Douglas County government spokesman Wes Tallon said the county annually uses the notes as a budgetary tool designed to help “smooth out the timing of receipts and disbursements.”
Douglas County Commission Chairman Tom Worthan said many counties are in the same situation as Douglas with regard to the timing of county revenue streams.
“We have 45 to 50 percent of our county revenue to come in within a 30- to 45-day period before the end of the year,” the chairman said.
“The approval of the [tax anticipation note] will allow us to keep a safe margin between our revenue and expenses so Douglas County is able to get through a period of time when our county, traditionally, doesn’t have a lot of revenue coming in,” Worthan said.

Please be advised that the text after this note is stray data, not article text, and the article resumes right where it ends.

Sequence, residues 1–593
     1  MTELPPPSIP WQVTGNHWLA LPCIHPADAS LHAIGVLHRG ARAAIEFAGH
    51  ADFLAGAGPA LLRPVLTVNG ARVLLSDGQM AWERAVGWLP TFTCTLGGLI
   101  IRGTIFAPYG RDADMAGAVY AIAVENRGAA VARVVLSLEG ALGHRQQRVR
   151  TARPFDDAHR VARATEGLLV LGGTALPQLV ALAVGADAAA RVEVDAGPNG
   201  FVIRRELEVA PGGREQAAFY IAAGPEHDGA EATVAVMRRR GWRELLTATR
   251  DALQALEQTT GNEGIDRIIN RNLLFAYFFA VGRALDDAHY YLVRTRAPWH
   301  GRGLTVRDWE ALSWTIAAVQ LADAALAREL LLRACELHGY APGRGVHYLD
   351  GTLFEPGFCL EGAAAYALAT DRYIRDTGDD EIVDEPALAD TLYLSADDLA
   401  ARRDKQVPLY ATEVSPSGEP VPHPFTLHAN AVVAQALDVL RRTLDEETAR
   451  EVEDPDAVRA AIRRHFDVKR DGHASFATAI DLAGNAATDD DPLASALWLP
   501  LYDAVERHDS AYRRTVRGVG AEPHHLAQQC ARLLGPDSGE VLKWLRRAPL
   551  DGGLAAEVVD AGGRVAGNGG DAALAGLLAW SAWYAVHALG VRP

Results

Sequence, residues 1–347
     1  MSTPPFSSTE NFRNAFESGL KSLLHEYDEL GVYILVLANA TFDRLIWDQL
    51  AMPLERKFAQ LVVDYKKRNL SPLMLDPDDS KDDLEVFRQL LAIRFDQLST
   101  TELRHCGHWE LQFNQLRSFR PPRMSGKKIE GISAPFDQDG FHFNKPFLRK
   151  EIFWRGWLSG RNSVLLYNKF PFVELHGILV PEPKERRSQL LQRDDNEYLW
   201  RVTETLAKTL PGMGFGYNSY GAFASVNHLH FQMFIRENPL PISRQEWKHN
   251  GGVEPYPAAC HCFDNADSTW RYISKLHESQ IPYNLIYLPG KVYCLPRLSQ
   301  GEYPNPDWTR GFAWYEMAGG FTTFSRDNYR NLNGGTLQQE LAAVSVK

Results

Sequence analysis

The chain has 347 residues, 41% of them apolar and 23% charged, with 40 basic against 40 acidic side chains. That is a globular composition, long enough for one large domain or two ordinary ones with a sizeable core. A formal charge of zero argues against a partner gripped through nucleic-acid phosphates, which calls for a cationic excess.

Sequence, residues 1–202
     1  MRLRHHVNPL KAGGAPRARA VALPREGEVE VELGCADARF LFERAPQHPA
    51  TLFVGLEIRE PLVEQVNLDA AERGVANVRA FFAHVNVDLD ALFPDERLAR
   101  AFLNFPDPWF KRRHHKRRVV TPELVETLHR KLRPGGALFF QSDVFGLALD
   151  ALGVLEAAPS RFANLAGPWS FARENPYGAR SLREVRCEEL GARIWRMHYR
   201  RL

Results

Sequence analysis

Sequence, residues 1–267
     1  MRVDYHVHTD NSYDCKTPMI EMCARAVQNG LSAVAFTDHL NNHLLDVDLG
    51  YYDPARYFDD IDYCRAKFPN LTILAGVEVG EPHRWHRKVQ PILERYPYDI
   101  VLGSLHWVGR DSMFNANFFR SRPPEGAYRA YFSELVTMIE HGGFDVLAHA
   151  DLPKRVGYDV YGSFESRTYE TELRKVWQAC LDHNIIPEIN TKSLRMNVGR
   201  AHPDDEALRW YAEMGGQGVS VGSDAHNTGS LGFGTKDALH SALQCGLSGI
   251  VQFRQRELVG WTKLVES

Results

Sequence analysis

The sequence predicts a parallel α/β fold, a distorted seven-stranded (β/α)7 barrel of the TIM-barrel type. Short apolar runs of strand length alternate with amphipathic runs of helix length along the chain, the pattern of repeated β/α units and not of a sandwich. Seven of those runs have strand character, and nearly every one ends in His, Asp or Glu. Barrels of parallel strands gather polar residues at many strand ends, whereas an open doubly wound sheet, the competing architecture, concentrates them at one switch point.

The commission awarded the note to the Metro Bank of Douglas County at a rate of 0.65 percent following a public quotation process involving three other banks, Tallon said.
The county will borrow the money for 205 days at a total interest cost of $31,642, he said.
Worthan credited the conservative fiscal policies of his administration and the commission for the county being in a position to allow it to borrow less money for a shorter amount of time.
“Douglas County has no long-term debt,” Worthan said. “This administration has accomplished a lot through the wise spending of taxpayer dollars.”
Worthan said the county would continue to use its current financial policies so that, in the future, it may not have to borrow any tax anticipation notes.
Douglas County will invest these funds and draw from them as they are needed for the 205-day period, Tallon said.